How to Deal With Internal Parasites in Livestock, Part II

If internal parasites have infested your livestock despite your best efforts at prevention, here are some countermeasures to take.

| May/June 1979

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Tapeworms are one of the most common internal parasites you'll encounter.


Are your porkers growing poorly (or losing weight)? Do your dairy cows give less milk than they used to? Does your goat have white gums. Does your mutt mope?

When such "classic" symptoms show up, most any owner knows that his or her critters have internal parasites (commonly called worms). But maybe your animals aren't acting all that sickly. Perhaps they just look a wee bit listless. Heck, maybe the beasts even appear to be as happy as cats in a milking parlor!

However, if you read Part I of this article ("How to Deal With Internal Parasites in Livestock"), you know that healthy-looking livestock can have serious worm infestations! To put it simply, parasites are the biggest medical problem we veterinarians have to face. So I know from experience that even when you don't see a single indication of the internal freeloaders, you can be spending money, building feeders, raising thoroughbreds, and in general going to a whole lot of trouble all to provide vintage "pastureland" for some hidden (but enormous) herds of worms!  

Know Your Enemy (The Essential Parasite Primer)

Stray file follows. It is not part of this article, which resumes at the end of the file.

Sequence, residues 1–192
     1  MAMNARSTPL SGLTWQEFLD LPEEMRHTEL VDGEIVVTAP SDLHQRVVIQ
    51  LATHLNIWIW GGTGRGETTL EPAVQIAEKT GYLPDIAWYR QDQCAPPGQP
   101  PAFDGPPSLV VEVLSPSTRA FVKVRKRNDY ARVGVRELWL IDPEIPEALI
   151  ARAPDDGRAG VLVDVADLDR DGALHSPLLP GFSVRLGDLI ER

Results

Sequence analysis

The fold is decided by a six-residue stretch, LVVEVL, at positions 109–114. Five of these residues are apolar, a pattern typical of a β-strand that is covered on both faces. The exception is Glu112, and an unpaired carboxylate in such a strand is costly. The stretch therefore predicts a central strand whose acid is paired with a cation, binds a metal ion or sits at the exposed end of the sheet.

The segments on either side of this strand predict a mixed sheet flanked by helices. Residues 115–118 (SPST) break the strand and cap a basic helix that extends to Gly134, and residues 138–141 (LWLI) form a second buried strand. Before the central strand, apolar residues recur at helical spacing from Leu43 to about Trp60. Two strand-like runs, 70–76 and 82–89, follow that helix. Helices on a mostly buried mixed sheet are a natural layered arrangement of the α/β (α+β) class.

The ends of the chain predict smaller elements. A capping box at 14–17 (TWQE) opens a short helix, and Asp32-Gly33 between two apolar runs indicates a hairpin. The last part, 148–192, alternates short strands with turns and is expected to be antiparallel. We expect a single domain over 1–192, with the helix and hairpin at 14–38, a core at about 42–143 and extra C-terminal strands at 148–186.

You should understand—before you start tackling these foes—just what parasites do and where they come from. Worms—slimy "spelunkers" that range from microscopic to yardstick size—can invade almost every animal organ. The uninvited visitors will clog hearts, coat stomachs, cause acute bellyaches, block blood circulation, eat your stock's food (or innards), and—in some instances—kill the "hosts" they inhabit.

What's more, the freeloading vermin can strike at any one of several stages in their life cycle. In fact, immature larvae sometimes cause more harm than do "adult" worms, while seemingly harmless parasite eggs can lie dormant around the place for years, just waiting for the right environment (like ol' Bossy's belly) to come along.

These pests can also attack your animals in a number of ways. Some worm types are handed down—like family curses—through the mother's placenta (or in her milk). Flies can deposit eggs in your pet's fur, mosquitoes can inject the pests into a critter's bloodstream, or your beast may simply eat an insect or rodent that's serving as a parasite "halfway house."

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